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– Will Self –

Urals. Early the following year Russian tanks would roll into Poland. Frankly, I wouldn’t have minded if they’d invaded my room – for there was no solidarity to speak of. I eschewed the overtures of my housemates and packed them off to their families: Sarah with her dyed vermilion hair and spiky earrings; Polly with her silk dressing-gown and her lapsang souchong; Imogen with her leather jacket and her growling BSA motorbike.

When they were all gone, I went to the local shop and bought the most antithetical Christmas dinner I could think of; no buxom brown fowl for me, oh no, this not-so Tiny Tim would slurp down a Vesta chicken curry, his only company the rattling ghosts of Christmas past. Because the truth was that Christmas had never been that great in my family of origin. To paraphrase Tolstoy, all unhappy families may be different, but there’s something about festivals, celebrations and anniversaries that makes them behave in the same way: badly. The last Christmas we had spent in my natal home, two years before, had been distinguished by my brother and I having a stand-up fist fight in the street, smiting one another until we fell into the privet – a small suburban nightmare.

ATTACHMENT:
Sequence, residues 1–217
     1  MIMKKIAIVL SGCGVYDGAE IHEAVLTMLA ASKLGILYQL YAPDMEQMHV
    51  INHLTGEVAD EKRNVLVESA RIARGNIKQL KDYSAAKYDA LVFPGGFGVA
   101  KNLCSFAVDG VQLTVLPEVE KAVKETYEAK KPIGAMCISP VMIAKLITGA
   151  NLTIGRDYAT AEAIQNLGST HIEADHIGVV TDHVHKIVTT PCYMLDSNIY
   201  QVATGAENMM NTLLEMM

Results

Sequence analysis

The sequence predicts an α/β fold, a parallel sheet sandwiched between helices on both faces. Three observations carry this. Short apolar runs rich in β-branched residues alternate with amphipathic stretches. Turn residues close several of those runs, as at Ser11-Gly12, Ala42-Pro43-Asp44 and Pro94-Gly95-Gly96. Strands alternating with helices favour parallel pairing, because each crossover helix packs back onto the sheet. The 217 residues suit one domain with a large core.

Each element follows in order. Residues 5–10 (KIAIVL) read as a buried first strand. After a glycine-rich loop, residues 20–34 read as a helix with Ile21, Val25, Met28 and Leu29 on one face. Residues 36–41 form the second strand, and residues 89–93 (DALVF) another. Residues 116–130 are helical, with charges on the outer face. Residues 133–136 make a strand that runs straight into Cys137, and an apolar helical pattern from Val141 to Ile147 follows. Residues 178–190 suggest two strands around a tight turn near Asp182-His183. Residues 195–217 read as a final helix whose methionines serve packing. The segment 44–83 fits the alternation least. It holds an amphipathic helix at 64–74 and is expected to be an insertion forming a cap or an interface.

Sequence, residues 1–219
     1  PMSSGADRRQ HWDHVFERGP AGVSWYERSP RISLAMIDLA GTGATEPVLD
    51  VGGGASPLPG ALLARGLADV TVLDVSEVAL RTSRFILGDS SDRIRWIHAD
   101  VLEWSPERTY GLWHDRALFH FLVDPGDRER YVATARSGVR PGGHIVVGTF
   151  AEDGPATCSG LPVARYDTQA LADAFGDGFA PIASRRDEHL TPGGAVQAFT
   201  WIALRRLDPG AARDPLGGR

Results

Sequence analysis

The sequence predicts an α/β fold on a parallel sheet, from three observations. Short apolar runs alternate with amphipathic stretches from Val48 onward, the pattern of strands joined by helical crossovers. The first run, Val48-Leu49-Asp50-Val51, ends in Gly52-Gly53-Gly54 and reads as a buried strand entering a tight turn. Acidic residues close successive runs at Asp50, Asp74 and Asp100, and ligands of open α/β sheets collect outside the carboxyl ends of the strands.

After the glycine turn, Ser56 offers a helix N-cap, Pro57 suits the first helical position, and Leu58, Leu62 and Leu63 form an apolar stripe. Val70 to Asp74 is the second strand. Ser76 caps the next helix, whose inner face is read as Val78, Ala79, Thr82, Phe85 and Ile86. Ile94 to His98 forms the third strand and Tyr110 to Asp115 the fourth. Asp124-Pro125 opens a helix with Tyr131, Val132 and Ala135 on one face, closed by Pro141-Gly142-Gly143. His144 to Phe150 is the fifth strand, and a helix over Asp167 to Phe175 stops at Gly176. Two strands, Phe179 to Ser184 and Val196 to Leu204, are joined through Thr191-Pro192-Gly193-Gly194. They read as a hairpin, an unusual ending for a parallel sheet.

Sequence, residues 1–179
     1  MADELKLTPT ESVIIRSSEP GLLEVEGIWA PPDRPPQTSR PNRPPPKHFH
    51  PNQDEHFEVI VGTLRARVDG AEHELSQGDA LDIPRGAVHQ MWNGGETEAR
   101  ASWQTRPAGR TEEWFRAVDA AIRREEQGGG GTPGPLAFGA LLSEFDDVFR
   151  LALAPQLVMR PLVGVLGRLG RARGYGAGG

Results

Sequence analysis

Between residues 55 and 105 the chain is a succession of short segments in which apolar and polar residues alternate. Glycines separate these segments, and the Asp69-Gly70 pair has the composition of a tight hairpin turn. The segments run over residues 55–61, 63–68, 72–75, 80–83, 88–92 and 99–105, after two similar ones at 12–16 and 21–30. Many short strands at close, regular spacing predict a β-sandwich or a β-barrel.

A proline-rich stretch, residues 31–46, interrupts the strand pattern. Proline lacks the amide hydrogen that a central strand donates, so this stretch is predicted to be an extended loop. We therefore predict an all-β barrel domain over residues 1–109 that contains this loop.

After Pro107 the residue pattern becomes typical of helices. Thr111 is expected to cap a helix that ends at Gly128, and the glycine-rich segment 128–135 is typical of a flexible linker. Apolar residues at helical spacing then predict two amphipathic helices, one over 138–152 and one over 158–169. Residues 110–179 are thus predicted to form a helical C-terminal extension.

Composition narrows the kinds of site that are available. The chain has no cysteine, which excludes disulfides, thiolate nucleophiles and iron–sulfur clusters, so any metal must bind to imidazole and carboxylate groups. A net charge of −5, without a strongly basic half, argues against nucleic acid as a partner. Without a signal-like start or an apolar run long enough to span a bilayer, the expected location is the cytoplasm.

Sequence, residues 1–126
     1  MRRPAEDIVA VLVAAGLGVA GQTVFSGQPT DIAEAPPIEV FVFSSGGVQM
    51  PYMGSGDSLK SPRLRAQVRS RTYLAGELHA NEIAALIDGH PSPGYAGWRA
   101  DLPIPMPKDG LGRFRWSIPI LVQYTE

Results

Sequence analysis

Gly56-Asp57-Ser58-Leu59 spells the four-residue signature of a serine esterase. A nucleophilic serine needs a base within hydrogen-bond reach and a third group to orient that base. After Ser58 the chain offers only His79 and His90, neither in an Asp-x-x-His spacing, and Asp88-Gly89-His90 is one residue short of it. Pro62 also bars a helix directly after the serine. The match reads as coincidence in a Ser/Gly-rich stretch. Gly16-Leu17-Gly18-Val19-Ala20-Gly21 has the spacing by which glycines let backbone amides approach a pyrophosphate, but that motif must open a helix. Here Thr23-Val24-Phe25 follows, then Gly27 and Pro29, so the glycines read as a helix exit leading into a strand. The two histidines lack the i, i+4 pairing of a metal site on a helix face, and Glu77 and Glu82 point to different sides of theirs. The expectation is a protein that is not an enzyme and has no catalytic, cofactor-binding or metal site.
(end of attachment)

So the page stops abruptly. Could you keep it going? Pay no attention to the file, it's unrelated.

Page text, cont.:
No, I would spend Christmas, and the nights that book-ended it, alone, in bed. There would be no decorations, nor carolling, no wassailing, no submistletoe canoodling, no stuffing, no adoring of the Christ Child, no saturnalia, no potlatch. All I’d do was

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